4. Discussion and conclusion
Structured on DCV, this paper attempts to clarity knowledge creation into the study pattern and made the following contributions to the existing literature on the topic.
First, the enterprise with the sharpest competitive edge in the era of knowledge has to create, integrate, and apply knowledge rapidly into the market. Meanwhile, a firm has to improve the quality of its products or services by continuous knowledge innovation and transfer (Nonaka and Takeuchi, 1995). Therefore, knowledge-based capability is much more important than entity-based capability. A firms could accumulate its achieve and sustain competitive advantage only by learning its dynamic capabilities (Luo, 2000).
Second, specific capabilities is the origin of the firm’s competitive advantage. Compared to
dynamic capabilities, the firm’s internal and external specific abilities are strengthened in
responding to environmental changes. From the perspective of dynamic capabilities, a firm’s
existing resource is developed from past experiences and accumulated resources. A firm builds its capability in integrating, establishing, and restructuring internal and external assets in order to respond to the rapidly changing environment (Teece et al., 1997). For example, the development of new products, strategic alliance, and business decisions are all new values created by companies in a dynamic market by deploying past resources (Elsenhardt et al., 2000).
SKM 個人摘要 林澄貴 R48961114 (2008/06/26)
Third, the discussion on RBV highlights that mere possession of valuable resources and assets cannot guarantee profitability (Elsenhardt et al., 2000), but dynamic capabilities in responding to environmental changes and integrating and coordinating internal and external resources do. Hence, the structure of dynamic capabilities could explain the formation of the firm’s competitive advantage (Teece et al., 1997). In summary, the author thinks that the idea of dynamic capabilities is continuing the focus on the inside of an organization in RBV and also the strategic logic extending from the inside to the outside. Different from RBV, DCV emphasizes more on the proper matches between the changes inside and outside of an organization as well as the whereabouts and development course of competitive advantages.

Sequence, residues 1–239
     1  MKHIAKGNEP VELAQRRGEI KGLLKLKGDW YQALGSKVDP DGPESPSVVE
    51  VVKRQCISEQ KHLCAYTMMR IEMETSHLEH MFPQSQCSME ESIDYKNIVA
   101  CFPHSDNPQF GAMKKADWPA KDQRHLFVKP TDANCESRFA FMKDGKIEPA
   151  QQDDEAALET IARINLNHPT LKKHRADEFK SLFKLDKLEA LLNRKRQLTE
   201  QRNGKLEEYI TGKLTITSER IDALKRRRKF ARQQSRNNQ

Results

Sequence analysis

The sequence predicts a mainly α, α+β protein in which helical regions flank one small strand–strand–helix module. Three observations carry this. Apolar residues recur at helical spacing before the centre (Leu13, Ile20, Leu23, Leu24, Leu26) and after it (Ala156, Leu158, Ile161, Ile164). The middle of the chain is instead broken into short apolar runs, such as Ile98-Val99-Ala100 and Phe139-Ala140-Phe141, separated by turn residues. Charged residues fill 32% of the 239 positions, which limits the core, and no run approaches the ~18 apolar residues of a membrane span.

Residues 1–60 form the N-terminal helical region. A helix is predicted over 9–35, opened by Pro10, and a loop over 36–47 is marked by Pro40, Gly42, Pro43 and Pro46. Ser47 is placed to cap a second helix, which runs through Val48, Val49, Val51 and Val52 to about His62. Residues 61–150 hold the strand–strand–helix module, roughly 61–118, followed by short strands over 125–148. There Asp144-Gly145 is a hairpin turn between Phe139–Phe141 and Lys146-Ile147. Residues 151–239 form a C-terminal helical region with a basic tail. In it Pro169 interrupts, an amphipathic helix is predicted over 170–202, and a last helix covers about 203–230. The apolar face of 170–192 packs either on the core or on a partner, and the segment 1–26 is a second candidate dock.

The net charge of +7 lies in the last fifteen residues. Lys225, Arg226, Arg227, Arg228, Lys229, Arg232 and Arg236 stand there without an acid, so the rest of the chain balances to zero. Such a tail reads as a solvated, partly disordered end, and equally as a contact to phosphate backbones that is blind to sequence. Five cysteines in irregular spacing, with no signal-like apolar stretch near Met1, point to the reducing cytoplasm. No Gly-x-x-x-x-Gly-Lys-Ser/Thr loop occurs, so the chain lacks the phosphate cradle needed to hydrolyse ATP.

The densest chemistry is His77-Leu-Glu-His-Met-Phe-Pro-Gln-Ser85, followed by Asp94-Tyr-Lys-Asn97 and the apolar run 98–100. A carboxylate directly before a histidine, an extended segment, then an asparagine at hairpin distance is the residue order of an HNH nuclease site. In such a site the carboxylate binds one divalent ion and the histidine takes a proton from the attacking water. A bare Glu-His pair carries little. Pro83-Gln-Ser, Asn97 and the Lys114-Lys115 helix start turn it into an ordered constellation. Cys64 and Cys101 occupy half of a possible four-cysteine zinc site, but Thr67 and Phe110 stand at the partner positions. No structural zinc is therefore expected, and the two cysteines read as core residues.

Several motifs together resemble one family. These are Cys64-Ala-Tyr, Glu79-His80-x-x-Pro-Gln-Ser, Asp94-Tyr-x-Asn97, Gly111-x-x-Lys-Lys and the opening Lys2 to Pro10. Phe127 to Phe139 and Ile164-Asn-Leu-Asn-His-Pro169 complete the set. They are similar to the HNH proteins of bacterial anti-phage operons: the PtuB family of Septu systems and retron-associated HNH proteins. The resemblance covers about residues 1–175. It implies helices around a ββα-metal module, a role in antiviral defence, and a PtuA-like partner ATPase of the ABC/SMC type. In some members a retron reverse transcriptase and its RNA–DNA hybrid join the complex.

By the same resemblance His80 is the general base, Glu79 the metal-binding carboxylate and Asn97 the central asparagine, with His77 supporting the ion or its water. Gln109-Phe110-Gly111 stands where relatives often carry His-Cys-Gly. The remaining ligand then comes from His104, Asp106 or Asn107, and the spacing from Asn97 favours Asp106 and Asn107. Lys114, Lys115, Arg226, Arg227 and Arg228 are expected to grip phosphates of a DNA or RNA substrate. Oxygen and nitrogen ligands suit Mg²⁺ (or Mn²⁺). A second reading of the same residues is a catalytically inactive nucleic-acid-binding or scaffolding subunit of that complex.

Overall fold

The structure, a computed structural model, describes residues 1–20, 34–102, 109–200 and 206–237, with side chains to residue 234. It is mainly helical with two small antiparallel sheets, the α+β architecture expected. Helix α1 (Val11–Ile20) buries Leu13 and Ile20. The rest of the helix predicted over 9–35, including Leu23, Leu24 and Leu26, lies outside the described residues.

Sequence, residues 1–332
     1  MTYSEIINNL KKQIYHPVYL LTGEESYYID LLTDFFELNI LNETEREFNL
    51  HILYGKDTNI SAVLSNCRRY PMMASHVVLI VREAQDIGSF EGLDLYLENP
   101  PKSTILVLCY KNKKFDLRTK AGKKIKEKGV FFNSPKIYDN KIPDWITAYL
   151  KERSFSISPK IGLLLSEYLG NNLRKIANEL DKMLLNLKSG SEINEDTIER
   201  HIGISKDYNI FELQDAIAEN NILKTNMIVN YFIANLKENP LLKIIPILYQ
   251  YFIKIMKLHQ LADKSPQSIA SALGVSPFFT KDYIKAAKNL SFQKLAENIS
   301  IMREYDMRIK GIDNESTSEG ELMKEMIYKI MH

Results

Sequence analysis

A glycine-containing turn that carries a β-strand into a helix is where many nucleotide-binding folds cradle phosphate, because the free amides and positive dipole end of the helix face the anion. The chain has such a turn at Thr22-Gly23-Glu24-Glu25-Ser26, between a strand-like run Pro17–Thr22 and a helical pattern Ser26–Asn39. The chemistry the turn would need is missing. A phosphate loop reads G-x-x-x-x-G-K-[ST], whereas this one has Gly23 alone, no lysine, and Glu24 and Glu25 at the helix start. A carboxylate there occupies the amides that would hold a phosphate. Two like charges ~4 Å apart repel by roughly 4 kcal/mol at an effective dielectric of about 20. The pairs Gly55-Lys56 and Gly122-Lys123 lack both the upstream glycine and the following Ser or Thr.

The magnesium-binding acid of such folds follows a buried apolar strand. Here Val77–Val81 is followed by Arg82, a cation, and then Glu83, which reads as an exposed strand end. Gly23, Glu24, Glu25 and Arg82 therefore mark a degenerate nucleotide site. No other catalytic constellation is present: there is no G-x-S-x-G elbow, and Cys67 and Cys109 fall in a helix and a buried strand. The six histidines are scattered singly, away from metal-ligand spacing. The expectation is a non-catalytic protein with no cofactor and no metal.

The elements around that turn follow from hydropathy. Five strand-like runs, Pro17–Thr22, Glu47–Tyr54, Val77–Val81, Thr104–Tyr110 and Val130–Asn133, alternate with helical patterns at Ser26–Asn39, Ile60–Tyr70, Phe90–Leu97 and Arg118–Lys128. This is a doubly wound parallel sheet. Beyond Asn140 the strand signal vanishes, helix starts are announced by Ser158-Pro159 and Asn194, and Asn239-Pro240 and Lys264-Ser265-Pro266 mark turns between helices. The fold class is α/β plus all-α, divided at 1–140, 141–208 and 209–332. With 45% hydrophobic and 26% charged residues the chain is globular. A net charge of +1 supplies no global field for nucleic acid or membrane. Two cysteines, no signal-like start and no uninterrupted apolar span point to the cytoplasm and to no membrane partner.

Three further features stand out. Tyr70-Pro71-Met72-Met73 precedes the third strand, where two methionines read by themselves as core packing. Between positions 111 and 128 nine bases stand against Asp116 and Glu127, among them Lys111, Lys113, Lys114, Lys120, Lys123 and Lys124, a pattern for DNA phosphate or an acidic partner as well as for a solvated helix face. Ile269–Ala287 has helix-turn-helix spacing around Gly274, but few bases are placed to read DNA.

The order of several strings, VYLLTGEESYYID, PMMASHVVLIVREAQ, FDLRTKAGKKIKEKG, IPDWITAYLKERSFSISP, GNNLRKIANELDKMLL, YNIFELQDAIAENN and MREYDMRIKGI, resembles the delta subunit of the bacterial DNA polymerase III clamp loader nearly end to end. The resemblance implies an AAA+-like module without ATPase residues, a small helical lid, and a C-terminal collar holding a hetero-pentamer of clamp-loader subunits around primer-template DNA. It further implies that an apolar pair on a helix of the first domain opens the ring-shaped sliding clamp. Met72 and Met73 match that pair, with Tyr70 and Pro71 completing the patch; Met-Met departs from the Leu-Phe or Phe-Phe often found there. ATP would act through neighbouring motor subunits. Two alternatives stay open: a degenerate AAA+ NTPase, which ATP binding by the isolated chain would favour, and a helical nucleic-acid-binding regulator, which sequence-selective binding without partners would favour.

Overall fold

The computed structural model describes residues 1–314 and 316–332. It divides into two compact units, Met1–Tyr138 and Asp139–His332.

Fourth, Elsenhardt et al., (2000) propose a different argument, albeit with similar implications. They argue that capabilities to gain, integrate, release and reconfigure resources are typically valuable and rare, but are equifinal, and hence neither inimitable nor immobile. This quality implies that dynamic capabilities cannot be a source of sustainable competitive advantage (Zott, 2003). Competitive advantage is the value created by the manager in deploying dynamic capabilities and establishing or configuring resources, instead of focusing on the benefits of dynamic capabilities.
Fifth, the industrial structure is stable in a common dynamic market. Dynamic capabilities include analyzable and identifiable routines, and change is linearly predictable. In the fast-changing market, the industrial structure is unstable, and market change is unpredictable. Dynamic capabilities include simple and experimental routines. Managers can also make decisions rapidly (Elsenhardt et al., 2000). Furthermore, dynamic capabilities are uplifted gradually as a rapid response capability in the fast-changing market. The study regards this response capability as a repeated and non-linear execution path.
Sixth, although most definitions imply that dynamic capabilities are (or can be) valuable, some
scholars correctly note that dynamic capabilities create value indirectly. Helfat and Peteraf (2003), for instance, observe that, unlike new product development for example, dynamic capabilities “do
not involve production of a good or provision of a marketable service.” That is, the capacity to
change routines is valuable to the extent that the resulting substantive capabilities are valuable (Zahra, Sapienza, and Davidsson, 2006).